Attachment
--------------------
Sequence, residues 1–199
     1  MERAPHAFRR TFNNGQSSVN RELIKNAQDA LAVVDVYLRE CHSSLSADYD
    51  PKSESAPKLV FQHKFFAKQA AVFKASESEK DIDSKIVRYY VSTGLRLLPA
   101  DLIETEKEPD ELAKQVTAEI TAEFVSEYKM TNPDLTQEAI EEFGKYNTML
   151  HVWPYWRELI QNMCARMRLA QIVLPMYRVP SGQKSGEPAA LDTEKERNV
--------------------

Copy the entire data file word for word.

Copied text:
Sequence, residues 1–199
     1  MERAPHAFRR TFNNGQSSVN RELIKNAQDA LAVVDVYLRE CHSSLSADYD
    51  PKSESAPKLV FQHKFFAKQA AVFKASESEK DIDSKIVRYY VSTGLRLLPA
   101  DLIETEKEPD ELAKQVTAEI TAEFVSEYKM TNPDLTQEAI EEFGKYNTML
   151  HVWPYWRELI QNMCARMRLA QIVLPMYRVP SGQKSGEPAA LDTEKERNV